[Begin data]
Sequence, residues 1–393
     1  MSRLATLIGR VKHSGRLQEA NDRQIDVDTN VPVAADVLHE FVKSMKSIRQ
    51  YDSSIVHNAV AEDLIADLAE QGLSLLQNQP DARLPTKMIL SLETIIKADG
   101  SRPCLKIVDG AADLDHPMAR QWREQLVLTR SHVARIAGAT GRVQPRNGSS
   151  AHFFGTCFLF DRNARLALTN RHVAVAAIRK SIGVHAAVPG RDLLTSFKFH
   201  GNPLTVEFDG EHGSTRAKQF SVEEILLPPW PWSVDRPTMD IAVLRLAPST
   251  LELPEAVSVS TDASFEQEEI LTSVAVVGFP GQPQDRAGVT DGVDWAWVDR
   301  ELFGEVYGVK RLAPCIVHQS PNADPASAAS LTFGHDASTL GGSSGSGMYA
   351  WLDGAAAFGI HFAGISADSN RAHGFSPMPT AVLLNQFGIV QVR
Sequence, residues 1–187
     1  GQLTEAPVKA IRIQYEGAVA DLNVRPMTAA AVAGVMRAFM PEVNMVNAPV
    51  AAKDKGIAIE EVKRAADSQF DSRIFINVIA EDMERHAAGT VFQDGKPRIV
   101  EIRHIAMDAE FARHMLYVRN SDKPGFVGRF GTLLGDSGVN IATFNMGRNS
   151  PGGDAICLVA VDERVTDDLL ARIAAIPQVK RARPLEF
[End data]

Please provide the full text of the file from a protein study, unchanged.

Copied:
Sequence, residues 1–393
     1  MSRLATLIGR VKHSGRLQEA NDRQIDVDTN VPVAADVLHE FVKSMKSIRQ
    51  YDSSIVHNAV AEDLIADLAE QGLSLLQNQP DARLPTKMIL SLETIIKADG
   101  SRPCLKIVDG AADLDHPMAR QWREQLVLTR SHVARIAGAT GRVQPRNGSS
   151  AHFFGTCFLF DRNARLALTN RHVAVAAIRK SIGVHAAVPG RDLLTSFKFH
   201  GNPLTVEFDG EHGSTRAKQF SVEEILLPPW PWSVDRPTMD IAVLRLAPST
   251  LELPEAVSVS TDASFEQEEI LTSVAVVGFP GQPQDRAGVT DGVDWAWVDR
   301  ELFGEVYGVK RLAPCIVHQS PNADPASAAS LTFGHDASTL GGSSGSGMYA
   351  WLDGAAAFGI HFAGISADSN RAHGFSPMPT AVLLNQFGIV QVR
Sequence, residues 1–187
     1  GQLTEAPVKA IRIQYEGAVA DLNVRPMTAA AVAGVMRAFM PEVNMVNAPV
    51  AAKDKGIAIE EVKRAADSQF DSRIFINVIA EDMERHAAGT VFQDGKPRIV
   101  EIRHIAMDAE FARHMLYVRN SDKPGFVGRF GTLLGDSGVN IATFNMGRNS
   151  PGGDAICLVA VDERVTDDLL ARIAAIPQVK RARPLEF